That set the tone for our dining experience as a family. Eventually, I was able to revisit my desire for a more idyllic family table as our younger two got a bit older. But it was short-lived by the onset of adolescence and conflicting schedules that arose.

For years, we have been a household that eats different foods at different times, in different places. One is a likes red likes chicken and fish. Some prefer an earlier meal, others like to eat later in the evening.

I look back on the family dinners I grw up with, and I still long for the same in my own home. Perhaps this is because some of my warmest memories were formed at the table my mother prepared so lovingly each night. But here's a thought ~ maybe I can put aside the frustration of not having what I want (my family eating together each night) and simply create a warm and inviting family table. Perhaps they will be drawn to it; they may even sit and dine at it. If not, at least I have had the pleasure of creating something I enjoy. Even if I sit down by myself, isn't it better than curling up on the couch with my meal?

I feel inspired to get out my favorite recipe books. I know just the linens I want to use. The camelias blooming along our driveway will make a sweet centerpiece. I don't know if anyone will join me. That's okay. Either way, I am reclaiming the family table.

"The body must be nourished, physically, emotionally and spiritually. We're spiritually starved in this culture ~ not underfed but undernourished."
~Carol Hornig            

Friday, April 6, 2012


"Come to me, all you who are weary and burdened, and I will give you rest. Take my yoke upon you and learn from me, for I am gentle and humble in heart, and you will find rest for your souls. For my yoke is easy and my burden is light."
~Matthew 11:28-30

There have been seasons in my life when I was so consumed by my circumstances and the emotions they triggered, I had little to give to others. Though I was walking with God, I was still holding onto my burdens. I didn't know how to release them into His care. I had the Strongest of Strongs walking in step with me, offering to carry my heavy load for me. Yet I held on tightly, not knowing how to let go. I was yoked to my problems.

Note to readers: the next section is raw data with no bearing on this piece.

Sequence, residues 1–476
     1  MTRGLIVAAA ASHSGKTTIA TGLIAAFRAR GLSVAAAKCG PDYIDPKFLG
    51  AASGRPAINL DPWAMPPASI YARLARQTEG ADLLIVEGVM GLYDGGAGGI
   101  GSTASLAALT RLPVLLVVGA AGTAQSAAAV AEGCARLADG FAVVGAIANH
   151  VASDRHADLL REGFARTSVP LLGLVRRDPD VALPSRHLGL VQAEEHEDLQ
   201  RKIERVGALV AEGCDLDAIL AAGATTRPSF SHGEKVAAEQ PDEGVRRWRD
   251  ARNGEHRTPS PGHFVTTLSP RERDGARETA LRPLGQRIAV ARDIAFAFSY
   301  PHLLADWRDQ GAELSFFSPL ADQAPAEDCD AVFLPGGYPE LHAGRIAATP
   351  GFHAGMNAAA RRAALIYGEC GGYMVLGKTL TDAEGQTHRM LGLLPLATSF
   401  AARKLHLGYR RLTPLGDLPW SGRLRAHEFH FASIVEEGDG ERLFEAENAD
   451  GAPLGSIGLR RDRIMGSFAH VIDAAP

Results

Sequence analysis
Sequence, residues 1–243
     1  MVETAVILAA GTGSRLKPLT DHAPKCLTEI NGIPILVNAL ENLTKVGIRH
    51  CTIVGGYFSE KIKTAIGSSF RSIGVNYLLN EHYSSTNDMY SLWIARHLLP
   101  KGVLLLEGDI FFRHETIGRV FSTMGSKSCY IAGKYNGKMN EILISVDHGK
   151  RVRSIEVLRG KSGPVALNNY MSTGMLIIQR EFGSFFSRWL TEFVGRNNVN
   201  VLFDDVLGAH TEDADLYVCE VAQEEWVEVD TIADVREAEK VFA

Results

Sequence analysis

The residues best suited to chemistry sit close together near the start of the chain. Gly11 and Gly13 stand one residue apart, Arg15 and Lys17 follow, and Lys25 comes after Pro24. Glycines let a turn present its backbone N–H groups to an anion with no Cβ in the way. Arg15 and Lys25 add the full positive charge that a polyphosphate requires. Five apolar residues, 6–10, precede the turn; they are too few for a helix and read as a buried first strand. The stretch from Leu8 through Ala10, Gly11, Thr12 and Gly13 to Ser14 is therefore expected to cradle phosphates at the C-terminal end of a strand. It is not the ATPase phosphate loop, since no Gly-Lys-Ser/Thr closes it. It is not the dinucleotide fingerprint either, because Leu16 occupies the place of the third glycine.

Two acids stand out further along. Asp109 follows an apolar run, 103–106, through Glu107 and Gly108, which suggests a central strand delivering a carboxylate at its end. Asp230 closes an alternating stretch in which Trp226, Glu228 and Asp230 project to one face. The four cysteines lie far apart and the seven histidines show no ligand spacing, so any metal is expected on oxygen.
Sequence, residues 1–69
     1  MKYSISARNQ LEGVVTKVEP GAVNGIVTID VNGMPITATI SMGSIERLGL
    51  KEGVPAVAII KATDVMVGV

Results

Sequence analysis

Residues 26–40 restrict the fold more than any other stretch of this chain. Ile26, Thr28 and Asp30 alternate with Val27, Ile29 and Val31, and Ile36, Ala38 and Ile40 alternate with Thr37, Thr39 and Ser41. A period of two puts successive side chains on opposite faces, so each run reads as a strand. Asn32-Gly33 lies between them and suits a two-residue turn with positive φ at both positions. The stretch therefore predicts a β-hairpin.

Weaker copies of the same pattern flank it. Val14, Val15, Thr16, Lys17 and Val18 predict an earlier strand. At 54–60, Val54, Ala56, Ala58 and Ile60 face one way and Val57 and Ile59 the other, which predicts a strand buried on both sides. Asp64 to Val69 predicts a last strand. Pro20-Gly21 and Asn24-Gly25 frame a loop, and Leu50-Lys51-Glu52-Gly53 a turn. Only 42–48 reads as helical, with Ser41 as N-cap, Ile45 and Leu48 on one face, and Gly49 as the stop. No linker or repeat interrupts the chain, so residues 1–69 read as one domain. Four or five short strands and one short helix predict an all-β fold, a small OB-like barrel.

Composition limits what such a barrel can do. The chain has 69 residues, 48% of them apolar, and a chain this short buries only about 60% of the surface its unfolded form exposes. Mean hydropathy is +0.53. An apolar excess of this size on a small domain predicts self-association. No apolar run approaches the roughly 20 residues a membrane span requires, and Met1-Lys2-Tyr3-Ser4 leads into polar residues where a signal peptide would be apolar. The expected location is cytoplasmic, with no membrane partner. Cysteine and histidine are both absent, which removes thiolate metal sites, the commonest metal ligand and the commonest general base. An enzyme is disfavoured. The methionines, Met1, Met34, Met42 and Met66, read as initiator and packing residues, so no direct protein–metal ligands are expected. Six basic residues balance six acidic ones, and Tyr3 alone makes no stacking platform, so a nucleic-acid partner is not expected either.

What are you carrying around today? What burden is weighing heavily upon you? Do you want to pass it on to God and let Him carry it for you? He's right there, ready and willing. Ask Him. Just like me, He will show you how to set it into His all-powerful hands...and leave it there.

I was amazed how much lighter I felt when I finally released it into His care. My circumstances didn't change right away, but they no longer felt like a weight pressing in all around me. I was able to once again look around and see the beauty in each day. I was freed up to think about other people for a change and reach out to them. And I couldn't help but ask myself what took me so long!

I can't unlock the secret for you. Only God can show you how to cast every worry, fear, problem, and weight into His care. I can only encourage you to begin today. Begin by consciously giving it all to Him. Breathe in the freedom. Focus on the beauty around you. Begin the process of relinquish and trust. It's the best weight-loss system there is...and it's free.

"God will never, never, never let us down if we have faith and put our trust in Him. He will always look after us. So we must cleave to Jesus. Our whole life must be woven into Jesus."
Mother Teresa